Using Data to Improve Your Bottom Line
More and more, companies big and small are turning to data to make important business decisions. In fact, according to Forbes, “By 2020 the number of Data Science and Analytics job listings is projected to grow by nearly 364,000 listings to approximately 2,720,000,” said contributor Louis Columbus.
Deciding what data to collect and how to analyze it can be challenging. But it doesn’t have to be, according to Tim Bainton, the founder and managing director of business development for Mount Vernon Athletic Club and Blue Chip Sports Management.
“Our tech-driven culture has built an almost religious fervor around data as a sort of abstract scientific concept, but data on its own means very little, and the data relevant to each organization will differ,” explained Bainton. “A health club, for example, has very different priorities than a manufacturing company, and that involves collecting different data and using different analyses to get actionable insight and guidance. This is what really matters — the insights you get from analyzing and understanding data, and your ability to translate those insights into better decisions that will build better businesses.”
At Bainton’s clubs, they collect data on members’ demographics and lifestyle preferences, purchase history, social media engagement and the facility’s resource utilization on an hourly basis.
The impact? According to Bainton, these data insights have increased their revenues and lowered expenses, “and that’s led to improvement in the most important data point there is for any business — the number on the bottom line.”
For health clubs, many of which have small margins, any opportunity to add dollars to the bottom line is a welcome one. But the key is identifying which data points are the most valuable to measure, versus wasting resources analyzing every single data point available.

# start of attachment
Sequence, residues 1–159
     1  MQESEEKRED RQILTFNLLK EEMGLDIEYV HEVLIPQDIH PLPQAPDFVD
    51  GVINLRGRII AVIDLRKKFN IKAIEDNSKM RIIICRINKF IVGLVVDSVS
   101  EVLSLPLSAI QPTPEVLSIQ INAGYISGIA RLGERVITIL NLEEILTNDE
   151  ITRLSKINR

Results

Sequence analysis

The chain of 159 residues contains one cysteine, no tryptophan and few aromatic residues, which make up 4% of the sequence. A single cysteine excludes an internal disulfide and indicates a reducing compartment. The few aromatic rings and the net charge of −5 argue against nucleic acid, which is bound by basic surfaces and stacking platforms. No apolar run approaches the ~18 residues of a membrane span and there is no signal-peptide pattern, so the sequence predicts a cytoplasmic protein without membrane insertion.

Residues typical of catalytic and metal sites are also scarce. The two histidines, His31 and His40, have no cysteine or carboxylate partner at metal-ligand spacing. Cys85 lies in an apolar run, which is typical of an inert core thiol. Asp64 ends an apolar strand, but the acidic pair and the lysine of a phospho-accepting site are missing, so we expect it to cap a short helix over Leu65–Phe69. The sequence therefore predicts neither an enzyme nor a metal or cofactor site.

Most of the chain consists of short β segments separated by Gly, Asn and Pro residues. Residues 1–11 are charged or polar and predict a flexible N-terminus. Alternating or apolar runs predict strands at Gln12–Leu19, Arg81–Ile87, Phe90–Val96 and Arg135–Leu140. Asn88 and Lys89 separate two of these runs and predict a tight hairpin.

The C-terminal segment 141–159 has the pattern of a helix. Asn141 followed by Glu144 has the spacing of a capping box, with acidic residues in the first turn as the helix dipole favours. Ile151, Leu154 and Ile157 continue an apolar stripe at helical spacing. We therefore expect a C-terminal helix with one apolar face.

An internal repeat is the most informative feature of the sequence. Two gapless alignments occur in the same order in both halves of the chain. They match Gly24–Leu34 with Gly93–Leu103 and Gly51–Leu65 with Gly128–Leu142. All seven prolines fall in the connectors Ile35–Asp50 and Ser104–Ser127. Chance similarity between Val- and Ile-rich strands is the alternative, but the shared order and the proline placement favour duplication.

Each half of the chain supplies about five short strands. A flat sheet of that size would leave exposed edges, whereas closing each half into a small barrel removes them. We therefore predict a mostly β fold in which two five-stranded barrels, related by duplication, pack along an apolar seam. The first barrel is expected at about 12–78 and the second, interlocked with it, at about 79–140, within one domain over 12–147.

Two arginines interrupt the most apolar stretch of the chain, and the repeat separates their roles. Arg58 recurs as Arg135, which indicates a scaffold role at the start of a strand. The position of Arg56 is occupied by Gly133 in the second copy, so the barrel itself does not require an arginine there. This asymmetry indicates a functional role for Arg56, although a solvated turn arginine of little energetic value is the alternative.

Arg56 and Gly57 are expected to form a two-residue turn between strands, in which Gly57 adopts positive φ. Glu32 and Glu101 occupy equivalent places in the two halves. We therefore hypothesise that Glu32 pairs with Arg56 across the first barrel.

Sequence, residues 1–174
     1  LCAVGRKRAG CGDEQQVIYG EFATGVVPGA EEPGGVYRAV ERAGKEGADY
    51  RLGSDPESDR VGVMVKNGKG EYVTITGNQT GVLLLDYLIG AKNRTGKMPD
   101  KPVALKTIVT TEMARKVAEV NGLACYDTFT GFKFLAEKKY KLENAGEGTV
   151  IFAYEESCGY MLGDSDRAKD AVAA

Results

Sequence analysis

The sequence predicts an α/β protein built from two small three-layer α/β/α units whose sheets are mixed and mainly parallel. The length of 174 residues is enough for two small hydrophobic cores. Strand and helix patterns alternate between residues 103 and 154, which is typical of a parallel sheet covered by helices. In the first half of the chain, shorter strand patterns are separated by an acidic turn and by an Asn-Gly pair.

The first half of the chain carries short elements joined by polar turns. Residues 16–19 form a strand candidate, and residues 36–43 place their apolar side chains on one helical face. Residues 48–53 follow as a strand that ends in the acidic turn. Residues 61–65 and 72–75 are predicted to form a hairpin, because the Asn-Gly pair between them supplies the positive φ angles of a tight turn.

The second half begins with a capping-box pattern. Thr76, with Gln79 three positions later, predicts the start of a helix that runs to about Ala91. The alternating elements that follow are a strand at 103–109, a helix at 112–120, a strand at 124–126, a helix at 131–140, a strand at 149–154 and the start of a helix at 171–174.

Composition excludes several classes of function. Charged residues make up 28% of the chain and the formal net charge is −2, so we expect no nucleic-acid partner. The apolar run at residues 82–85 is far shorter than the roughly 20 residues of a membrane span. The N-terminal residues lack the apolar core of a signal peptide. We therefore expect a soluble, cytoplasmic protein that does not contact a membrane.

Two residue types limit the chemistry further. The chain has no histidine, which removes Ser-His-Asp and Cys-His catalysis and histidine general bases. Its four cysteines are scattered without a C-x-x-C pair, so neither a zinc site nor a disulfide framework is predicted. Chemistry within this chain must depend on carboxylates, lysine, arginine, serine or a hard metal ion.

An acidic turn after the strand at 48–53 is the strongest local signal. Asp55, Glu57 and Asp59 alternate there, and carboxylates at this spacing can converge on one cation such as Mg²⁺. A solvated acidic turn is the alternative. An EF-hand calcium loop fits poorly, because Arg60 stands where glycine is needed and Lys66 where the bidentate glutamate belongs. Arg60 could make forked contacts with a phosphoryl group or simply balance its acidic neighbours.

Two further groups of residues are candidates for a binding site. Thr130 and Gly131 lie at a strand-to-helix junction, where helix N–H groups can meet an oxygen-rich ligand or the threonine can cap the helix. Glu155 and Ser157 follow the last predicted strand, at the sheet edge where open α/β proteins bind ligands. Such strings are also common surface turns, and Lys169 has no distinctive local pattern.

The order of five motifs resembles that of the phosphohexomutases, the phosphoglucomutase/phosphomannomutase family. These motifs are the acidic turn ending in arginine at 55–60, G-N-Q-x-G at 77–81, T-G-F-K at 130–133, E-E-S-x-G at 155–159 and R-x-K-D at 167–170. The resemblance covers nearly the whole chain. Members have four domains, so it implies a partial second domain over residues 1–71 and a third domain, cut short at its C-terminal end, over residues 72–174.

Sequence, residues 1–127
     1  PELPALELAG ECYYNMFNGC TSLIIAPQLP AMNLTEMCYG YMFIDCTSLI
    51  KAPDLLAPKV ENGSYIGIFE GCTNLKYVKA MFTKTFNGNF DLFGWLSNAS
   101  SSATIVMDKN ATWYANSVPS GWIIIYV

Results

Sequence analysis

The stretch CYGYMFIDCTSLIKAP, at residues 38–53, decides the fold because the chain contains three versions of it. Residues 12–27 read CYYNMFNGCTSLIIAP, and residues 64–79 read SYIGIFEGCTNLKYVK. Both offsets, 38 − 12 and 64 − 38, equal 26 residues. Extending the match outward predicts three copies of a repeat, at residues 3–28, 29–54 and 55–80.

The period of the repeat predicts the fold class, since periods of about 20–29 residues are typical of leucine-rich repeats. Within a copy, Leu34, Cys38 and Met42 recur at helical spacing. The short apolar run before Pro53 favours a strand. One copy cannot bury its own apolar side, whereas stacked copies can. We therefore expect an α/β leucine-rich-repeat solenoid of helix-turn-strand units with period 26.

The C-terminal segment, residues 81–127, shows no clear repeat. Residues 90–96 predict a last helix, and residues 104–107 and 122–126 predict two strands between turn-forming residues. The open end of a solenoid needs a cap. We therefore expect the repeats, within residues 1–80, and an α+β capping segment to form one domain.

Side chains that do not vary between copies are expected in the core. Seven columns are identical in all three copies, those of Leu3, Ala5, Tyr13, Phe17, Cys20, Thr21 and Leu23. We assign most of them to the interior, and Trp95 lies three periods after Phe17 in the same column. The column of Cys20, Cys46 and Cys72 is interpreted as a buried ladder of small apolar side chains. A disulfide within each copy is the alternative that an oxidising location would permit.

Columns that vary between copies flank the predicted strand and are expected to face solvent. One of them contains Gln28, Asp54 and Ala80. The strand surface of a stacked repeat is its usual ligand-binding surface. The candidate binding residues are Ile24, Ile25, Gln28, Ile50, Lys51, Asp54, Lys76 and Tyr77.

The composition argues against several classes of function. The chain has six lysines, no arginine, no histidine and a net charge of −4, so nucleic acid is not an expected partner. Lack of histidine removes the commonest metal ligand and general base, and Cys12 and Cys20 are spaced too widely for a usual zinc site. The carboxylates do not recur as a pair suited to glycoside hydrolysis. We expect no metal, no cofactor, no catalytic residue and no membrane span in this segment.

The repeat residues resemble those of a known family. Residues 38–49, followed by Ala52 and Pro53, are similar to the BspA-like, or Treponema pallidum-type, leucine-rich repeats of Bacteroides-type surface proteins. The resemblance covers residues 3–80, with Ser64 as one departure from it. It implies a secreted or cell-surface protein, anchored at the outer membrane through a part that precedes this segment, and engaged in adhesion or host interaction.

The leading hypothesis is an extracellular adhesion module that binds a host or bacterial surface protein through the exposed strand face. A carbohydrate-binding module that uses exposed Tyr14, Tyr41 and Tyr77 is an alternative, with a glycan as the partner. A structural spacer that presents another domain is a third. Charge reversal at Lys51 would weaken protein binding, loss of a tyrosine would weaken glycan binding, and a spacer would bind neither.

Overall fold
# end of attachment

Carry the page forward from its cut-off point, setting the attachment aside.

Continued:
“Some data is far more valuable than others, and ROI is a clear example of this,” continued Bainton. “Understanding ROI and what impacts certain actions will have on it, gives you the ability to put a price on the data you’ve analyzed and the efforts you’re undertaking.”
If all this “data talk” has you breaking out in a cold sweat, don’t fret. Bainton said you don’t need a background in applied mathematics or economics to take advantage of data insights. “All you need is a desire and dedication to build a better business for yourself, your members and your employees,” he said.
In fact, Bainton said many club operators may be more familiar with managing data than they realize. “Serious fitness professionals all love data, they just might not realize it yet,” he said. “When you track your calorie intake, record your weightlifting improvements, or work to improve the speed of your serve, that’s data collection and analysis on a small scale.”